I could not find any rule in Graphic representations (chemical formulae) of macromolecules (IUPAC Recommendations 1994) that would state that the bonds at the ends of the constitutional units must intersect the enclosing parentheses/braces. Only that they must be drawn:

Rule 1.3:

To make the formulae more concise, dashes representing chemical bonds may be omitted. At the ends of constitutional repeating units and monomeric units, dashes must be attached.

So the following representations of poly(vinyl chloride) would be unacceptable: $\ce{(CH2-CHCl)_n}$   or   $\ce{(CH2CHCl)_n}$

For irregular (co)polymers, they bonds use to be drawn inside of the brackets (probably for aesthetic/consistency reasons?), e.g.:


(chlorinated polyethene that does not contain dichloromethylene units):


with constitutional units:     $\ce{-CH2\bond{-}}$    ,    $\ce{-CHCl\bond{-}}$


But for the “normal” polymers, the side bonds are almost always drawn over the parentheses/braces, so that they intersect them.

Such feature is not in mhchem, but we have several other options:

  1. Use the “copolymer style”, i.e. the side bonds inside the parentheses:

    $\ce{(-CH2-CHCl\bond{-})_{n}}$    or    $\ce{[-CH2-CHCl\bond{-}]_{n}}$

  2. “Simulate” the crossing by inside/outside pair of bonds:

    $\ce{-(-CH2-CHCl\bond{-})_{n}\bond{-}}$    or    $\ce{-[-CH2-CHCl\bond{-}]_{n}\bond{-}}$

    (This style also seems to be used officially, for copolymers, when the end groups are specified)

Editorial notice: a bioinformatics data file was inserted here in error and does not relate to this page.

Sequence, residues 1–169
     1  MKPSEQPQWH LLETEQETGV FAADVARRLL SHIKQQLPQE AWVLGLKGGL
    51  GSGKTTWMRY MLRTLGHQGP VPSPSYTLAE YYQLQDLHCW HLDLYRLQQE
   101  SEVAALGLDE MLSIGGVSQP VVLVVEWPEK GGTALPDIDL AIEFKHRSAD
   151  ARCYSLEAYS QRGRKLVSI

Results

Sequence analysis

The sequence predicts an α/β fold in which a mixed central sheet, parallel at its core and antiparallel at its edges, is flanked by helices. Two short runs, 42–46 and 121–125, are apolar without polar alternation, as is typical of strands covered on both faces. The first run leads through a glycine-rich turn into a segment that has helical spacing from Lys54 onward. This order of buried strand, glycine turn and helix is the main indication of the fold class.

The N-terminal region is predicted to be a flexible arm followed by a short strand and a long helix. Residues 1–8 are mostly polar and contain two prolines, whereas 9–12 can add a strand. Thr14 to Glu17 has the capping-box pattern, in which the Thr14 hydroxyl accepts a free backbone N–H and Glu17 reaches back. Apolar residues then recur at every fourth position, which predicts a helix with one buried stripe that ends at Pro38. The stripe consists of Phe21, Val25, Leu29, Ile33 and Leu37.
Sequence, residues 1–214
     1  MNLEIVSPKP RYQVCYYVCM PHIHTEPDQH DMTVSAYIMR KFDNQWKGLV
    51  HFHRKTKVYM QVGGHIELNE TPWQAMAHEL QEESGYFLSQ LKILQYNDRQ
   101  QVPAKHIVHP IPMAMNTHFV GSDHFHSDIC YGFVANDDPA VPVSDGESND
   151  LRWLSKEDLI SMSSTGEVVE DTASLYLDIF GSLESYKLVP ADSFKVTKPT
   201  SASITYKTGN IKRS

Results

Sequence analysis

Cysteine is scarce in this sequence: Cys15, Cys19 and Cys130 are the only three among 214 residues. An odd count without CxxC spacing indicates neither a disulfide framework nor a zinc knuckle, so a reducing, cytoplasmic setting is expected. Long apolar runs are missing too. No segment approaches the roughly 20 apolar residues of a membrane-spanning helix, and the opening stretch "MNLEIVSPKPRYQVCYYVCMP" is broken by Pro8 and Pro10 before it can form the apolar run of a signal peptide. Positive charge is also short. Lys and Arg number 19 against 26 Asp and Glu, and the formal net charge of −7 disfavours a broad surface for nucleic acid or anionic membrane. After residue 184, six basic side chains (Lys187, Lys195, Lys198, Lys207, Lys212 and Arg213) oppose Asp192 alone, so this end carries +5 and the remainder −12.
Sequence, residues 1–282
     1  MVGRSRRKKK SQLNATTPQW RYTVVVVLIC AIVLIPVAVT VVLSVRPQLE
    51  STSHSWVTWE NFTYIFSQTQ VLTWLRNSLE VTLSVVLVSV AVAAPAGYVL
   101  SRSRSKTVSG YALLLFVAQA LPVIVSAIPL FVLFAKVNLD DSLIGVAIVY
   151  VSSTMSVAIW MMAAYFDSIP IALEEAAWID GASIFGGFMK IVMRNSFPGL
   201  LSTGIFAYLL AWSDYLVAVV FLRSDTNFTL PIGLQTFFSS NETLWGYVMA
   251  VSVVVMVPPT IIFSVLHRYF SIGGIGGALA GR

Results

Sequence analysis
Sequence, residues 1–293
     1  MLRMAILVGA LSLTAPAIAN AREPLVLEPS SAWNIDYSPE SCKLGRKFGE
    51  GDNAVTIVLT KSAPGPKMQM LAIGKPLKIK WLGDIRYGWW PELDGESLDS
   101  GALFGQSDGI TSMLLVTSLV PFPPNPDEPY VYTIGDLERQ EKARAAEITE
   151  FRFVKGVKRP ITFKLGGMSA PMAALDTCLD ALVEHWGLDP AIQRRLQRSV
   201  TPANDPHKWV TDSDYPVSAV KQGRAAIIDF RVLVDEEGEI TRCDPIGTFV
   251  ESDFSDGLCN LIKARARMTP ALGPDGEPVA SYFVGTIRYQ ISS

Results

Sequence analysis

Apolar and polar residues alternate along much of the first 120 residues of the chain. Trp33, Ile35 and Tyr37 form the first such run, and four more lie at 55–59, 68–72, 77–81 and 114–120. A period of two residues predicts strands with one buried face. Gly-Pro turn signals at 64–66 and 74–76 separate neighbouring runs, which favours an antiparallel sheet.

3. Use a negative space “hack” (see also e.g. Eliminate huge-locant-marked (by \overset) atom side space), i.e. use several \!'s before the symbol (left bond and the right bracket) to make it left-shifted:

    $\ce{(\!\!\!\!-CH2-CHCl-\!\!\!\!)_{n}}$    or    $\ce{[\!\!\!\!-CH2-CHCl-\!\!\!\!]_{n}}$

    (It may not work in web browsers as widely as supported mathjax constructs. If it worked and if mathjax had a support for longer bonds, it would be yet nicer.)

Is there yet better solution for this?


1 Answer 1


mhchem doesn't support this yet.

I'll put it on my the (mid-term) to do list. Thanks for the link to the IUPAC document.

Please, please, don't write spacing commands inside \ce, like $\ce{(\!\!\!\!-CH2-CHCl-\!\!\!\!)_{n}}$ (your 3rd option), because this is not future-proof.

You might use the use dollar signs to escape to math feature like $\ce{$(\!\!\!\!-$CH2-CHCl$-\!\!\!\!)$_{n}}$ to get $\ce{$(\!\!\!\!-$CH2-CHCl$-\!\!\!\!)$_{n}}$ as a work-around.


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